Ambassador Jan Eliasson
Former Special Envoy of the U.N. Secretary-General for Darfur and
Former U.N. Under-Secretary-General for Humanitarian Affairs
"Armed Conflict: The Cost to Civilians" - March 25, 2009
"I try to discipline myself, instead of becoming sleepless and losing hope, to channel anger into action."
- Ambassador Jan Eliasson
Born in Göteborg, Sweden, in 1940, Ambassador Jan Eliasson was an exchange student in the United States from 1957 to 1958. He graduated from the Swedish Naval Academy in 1962 and earned a master’s degree in Economics and Business Administration in 1965.
Ambassador Eliasson served as Diplomatic Adviser to the Swedish Prime Minister from 1982 to 1983, and as Director General for Political Affairs in the Swedish Ministry for Foreign Affairs from 1983 to 1987. In 1992, he was appointed the first U.N. Under-Secretary- General for Humanitarian Affairs and was involved in operations in Somalia, Sudan, Mozambique and the Balkans – taking initiatives on landmines, conflict prevention and humanitarian action.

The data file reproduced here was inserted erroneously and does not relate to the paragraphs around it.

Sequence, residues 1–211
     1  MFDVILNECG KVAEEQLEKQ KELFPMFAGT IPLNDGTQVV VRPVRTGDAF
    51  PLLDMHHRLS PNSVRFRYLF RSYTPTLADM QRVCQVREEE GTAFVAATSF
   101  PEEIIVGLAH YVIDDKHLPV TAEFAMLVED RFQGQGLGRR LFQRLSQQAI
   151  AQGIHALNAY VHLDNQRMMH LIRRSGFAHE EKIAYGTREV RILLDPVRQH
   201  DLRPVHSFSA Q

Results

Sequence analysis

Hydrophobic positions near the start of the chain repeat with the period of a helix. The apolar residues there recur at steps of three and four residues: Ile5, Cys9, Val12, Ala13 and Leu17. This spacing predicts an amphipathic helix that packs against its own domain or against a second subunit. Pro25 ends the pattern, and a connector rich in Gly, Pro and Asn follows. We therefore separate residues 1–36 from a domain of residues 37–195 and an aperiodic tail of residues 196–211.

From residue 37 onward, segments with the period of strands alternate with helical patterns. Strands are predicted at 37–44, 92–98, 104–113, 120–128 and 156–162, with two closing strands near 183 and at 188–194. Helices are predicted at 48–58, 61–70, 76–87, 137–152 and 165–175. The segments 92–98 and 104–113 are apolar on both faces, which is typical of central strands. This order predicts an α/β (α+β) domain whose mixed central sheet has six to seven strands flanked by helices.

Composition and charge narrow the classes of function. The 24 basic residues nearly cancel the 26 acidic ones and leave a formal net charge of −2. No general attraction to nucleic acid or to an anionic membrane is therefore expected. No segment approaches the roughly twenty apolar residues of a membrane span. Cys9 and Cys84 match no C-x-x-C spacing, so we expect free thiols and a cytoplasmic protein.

In 1993 and 1994, Ambassador Eliasson served as mediator in the Nagorno-Karabakh conflict for the Organization for Security and Co-operation in Europe. Ambassador Eliasson was the Swedish Ambassador to Washington from 2000 to 2005, State Secretary for Foreign Affairs from 1994 to 2000 and U.N. Under-Secretary-General for Humanitarian Affairs from 1992 to 1994. Earlier, from 1988 to 1992, he was Sweden’s Ambassador to the United Nations in New York where he was part of the U.N. mediation missions in the war between Iran and Iraq, headed by former Prime Minister Olof Palme.
From January 2007 to July 2008, Ambassador Eliasson served as Special Envoy of the U.N. Secretary-General for Darfur, and he was President of the U.N. General Assembly from 2005 to 2006. Ambassador Eliasson’s distinguished career as a Swedish diplomat culminated in his serving as Minister for Foreign Affairs in 2006.
Ambassador Eliasson is married to Kerstin Eliasson, who was Sweden’s State Secretary for Education and Science from 2004 to 2006. They have three grown children: Anna, Emilie and Johan.
Updated on 3/25/2009